The report, which ranked 24 countries, showed that Nigeria’s residential tariff is higher than only that of Zambia but far much lower than the tariffs in 22 other countries, including Uganda and Kenya, which are seen as two successful case of privatisation in the sub-Saharan Africa.
The residential tariff in Uganda and Kenya is said to be higher than average residential tariff in East Asia and Latin America, according to the IMF estimates.
According to the report, Chad has the highest residential tariff in the sub-Saharan Africa, followed by Cape Verde; Madagascar; Uganda; Burkina Faso; Senegal; Congo Republic; Kenya and Rwanda.
Others include: Cameroon; Niger; Benin; Cote d’ Ivoire; Namibia; Ghana; Lesotho; South Africa; Mozambique and Tanzania.
The remaining countries, according to the descending order of their tariff rates include Ethiopia; DRC; Malawi; Nigeria and Zambia.
So, the upward review of tariffs makes commercial sense and is justifiable to reposition the sector and boost power supply.
Outrageous estimated bills
There is no doubt that outrageous estimated billing is responsible for the widespread opposition against the increase in tariffs, and not that the new increment is not reasonable and affordable by the various classes of consumers.
The fact that actual electricity consumption is not accurately metered has given the distribution companies the latitude to determine arbitrarily, the bills paid by unmetered consumers through estimation.
It is unfortunate that while some Discos are making genuine efforts to supply prepaid meters to their customers, most of the companies pay lip service to the issue of providing meters and they extort customers through estimated billing.
It is ironical that these Discos, who failed in their obligation to supply meters, turn around to force their customers to pay the cost of their own inefficiencies in the form of arbitrary bills.
While prepaid customers pay for only what they consume, unmetered customers, who constitute over 70 per cent of the customer population, pay exorbitant estimated bills, whether there is electricity supply or not.
Before the new increase in tariffs, there had been nationwide protests against the exorbitant estimated bills slammed on the consumers who did not have prepaid meters to capture their actual meter reading.
Exorbitant estimated bills have led to violent attacks on staff of the Discos by aggrieved customers, especially military personnel, who were protesting disconnection for failure to pay the unjustifiable outrageous bills.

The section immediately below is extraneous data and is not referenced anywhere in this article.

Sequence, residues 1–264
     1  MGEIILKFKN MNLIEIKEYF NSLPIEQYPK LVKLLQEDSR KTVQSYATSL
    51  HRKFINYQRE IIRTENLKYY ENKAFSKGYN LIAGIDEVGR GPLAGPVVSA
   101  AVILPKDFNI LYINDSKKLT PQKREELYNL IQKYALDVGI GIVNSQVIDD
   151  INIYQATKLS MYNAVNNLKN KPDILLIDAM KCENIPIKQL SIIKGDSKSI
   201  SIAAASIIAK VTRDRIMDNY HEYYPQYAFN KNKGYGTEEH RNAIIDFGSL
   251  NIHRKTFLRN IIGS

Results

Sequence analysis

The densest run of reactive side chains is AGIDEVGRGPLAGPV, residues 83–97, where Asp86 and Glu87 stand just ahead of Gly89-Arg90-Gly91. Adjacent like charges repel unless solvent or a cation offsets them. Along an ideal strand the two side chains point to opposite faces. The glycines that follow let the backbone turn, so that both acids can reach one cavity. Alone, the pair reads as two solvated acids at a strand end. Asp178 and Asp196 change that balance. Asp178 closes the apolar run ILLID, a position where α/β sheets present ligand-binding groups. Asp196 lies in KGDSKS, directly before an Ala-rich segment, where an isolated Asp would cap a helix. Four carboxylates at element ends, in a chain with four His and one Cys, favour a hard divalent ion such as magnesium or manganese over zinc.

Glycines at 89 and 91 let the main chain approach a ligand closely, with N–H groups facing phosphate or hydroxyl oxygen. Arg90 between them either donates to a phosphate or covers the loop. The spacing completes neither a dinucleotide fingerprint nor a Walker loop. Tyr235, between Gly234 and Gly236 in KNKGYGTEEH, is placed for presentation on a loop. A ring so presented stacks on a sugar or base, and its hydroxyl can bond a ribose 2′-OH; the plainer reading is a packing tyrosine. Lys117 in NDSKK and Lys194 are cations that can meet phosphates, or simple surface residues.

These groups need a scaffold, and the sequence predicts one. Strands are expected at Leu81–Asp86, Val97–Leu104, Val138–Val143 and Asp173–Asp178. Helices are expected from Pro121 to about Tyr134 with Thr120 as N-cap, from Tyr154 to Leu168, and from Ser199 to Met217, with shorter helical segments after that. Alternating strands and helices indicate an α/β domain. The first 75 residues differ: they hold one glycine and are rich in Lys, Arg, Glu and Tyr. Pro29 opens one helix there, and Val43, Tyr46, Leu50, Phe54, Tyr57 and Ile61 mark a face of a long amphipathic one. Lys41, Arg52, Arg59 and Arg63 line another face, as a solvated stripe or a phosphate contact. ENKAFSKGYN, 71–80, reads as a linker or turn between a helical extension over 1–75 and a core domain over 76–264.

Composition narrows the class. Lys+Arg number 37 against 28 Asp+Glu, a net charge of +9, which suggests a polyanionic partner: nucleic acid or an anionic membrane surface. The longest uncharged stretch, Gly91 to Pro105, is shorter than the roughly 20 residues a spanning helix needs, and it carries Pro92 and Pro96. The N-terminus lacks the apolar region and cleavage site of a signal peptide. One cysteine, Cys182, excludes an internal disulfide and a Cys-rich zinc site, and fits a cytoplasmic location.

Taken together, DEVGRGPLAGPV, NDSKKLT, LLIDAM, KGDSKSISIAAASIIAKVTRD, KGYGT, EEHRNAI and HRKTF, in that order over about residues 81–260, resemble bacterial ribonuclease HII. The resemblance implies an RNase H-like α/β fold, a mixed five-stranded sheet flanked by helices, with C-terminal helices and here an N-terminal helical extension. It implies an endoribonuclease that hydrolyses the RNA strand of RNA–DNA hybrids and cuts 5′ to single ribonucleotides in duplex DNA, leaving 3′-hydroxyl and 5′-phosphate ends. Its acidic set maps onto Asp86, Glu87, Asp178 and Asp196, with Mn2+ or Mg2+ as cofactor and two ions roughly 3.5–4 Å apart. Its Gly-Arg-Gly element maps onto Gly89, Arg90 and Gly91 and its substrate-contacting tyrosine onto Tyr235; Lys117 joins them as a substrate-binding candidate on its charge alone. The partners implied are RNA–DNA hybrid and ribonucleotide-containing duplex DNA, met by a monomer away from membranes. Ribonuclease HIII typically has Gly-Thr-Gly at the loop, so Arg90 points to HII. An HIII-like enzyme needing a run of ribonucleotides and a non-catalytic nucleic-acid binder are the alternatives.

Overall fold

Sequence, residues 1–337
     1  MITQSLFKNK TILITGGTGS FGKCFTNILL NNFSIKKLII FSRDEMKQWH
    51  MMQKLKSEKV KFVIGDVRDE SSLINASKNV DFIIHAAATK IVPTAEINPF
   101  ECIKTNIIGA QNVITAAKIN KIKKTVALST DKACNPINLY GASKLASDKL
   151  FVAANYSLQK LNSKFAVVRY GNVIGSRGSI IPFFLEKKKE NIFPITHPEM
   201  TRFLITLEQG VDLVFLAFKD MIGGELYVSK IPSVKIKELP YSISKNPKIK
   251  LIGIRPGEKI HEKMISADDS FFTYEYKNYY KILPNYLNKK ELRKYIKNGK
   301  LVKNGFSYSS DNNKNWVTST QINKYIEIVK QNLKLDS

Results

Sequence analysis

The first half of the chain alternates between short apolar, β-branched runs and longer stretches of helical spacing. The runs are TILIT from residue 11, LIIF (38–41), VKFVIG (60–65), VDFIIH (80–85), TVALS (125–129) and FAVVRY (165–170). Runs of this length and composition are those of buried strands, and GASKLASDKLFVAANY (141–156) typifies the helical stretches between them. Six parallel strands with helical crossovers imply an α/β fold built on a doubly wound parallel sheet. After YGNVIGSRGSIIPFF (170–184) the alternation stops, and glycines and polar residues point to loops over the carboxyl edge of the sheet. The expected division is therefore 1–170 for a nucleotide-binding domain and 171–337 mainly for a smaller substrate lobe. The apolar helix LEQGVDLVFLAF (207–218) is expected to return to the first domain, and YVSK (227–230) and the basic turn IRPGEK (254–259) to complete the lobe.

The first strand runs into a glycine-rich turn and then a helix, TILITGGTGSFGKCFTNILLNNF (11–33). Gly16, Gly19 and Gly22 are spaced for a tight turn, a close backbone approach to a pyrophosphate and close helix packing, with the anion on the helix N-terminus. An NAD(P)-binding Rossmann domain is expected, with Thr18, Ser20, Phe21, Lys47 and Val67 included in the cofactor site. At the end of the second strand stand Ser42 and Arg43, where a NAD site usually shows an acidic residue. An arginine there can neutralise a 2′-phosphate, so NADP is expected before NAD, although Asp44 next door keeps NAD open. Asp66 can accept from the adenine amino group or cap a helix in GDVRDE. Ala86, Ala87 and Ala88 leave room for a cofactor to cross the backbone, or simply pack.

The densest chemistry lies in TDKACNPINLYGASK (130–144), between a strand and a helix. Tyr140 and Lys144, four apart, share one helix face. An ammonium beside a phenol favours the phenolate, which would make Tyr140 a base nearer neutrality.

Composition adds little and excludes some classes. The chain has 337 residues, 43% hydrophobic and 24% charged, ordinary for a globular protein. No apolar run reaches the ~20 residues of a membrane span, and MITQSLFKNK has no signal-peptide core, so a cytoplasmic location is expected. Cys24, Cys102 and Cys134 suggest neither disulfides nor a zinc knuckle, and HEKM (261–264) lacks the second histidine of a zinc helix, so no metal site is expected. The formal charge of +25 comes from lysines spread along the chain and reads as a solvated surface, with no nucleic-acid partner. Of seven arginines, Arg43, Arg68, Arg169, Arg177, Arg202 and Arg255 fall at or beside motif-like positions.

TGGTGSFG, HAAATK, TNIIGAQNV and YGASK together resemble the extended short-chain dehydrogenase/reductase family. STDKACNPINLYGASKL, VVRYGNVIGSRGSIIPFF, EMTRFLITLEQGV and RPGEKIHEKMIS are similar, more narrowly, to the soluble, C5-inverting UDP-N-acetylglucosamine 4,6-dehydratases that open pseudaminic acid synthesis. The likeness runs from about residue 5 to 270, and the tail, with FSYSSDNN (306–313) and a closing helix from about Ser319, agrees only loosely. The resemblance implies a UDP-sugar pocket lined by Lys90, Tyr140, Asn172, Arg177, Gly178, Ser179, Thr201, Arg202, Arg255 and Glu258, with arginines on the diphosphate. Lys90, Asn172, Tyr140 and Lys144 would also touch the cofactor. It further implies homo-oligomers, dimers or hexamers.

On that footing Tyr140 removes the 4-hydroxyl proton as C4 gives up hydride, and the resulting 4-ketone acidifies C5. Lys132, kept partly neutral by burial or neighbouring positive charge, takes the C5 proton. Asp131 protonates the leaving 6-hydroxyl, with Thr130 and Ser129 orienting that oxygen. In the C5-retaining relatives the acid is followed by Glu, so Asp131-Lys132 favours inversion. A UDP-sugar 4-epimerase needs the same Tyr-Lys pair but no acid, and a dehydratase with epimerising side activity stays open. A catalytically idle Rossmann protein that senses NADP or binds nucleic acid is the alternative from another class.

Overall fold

Before the increase in tariffs, outrageous estimated bills had created mutual distrust between the Discos and most of their customers, who viewed the companies with suspicion for subjecting them to the payment of electricity they did not consume.
So, while customers were suffering the effects of inadequate supply of power, most of the Discos were busy billing them arbitrarily for power that was not supplied.
Most of the Discos not only ignored NERC’s guidelines on estimated billing but also made no efforts to provide meters to capture the actual electricity consumed by the customers.
While most of them claim that they are losing money through estimated bills, the reverse appears to be the case as they may actually be making money by slamming unjustifiable bills on customers, who have no meters.
The reluctance of most of the Discos to submit their audited accounts to NERC is a strong indication that they do not want to open their books for scrutiny because of the dummy they sell to consumers and the regulatory agency that they are losing money to estimated billing.
NERC and the operators in the power sector had at one of the monthly meetings convened by the Minister of Power, Works and Housing, Mr. Babatunde Fashola, agreed on a reporting timeline for their audited year-end financial reports.
But acting Chairman of NERC, Dr. Anthony Akah, disclosed recently that the commission had opted to take punitive actions against the Discos after it discovered that some of them were unwilling to file their audited financial reports, while some even file in formats that are not consistent with agreed reporting standards.
Akah, who refused to disclose the identity of the Discos that have filed their reports or those that have not filed, said the commission was going ahead to fine them for such breach of its regulatory order.
“I don’t have the situation report here but not all distribution companies have submitted their audited financial statements but I want to let you know that the commission has triggered an enforcement process against these distribution companies,” Akah said.
So, the mutual distrust between the Discos and their customers over non-provision of meters and the collection of arbitrary bills for power that was not supplied is responsible for the public discontent against the new tariffs.
If consumers only pay for the actual power supplied to them, be it 18 hours in a day or one hour daily, there would be no opposition to the increment as it is reasonable, affordable and a fair reflection of the cost of generating electricity.
What ignites protests by consumers is that they pay for power that is not supplied as there are no prepaid meters to capture their actual consumption.
Some people have argued that there should be adequate supply of electricity before any increase in tariffs but that is not the bone of contention.
Whether there is 18 hours of electricity supply or one hour of supply is not the problem; the issue is that customers should pay for only what they consume.
Discos should be open and transparent by installing prepaid meters to curb the opposition against the increase in tariffs.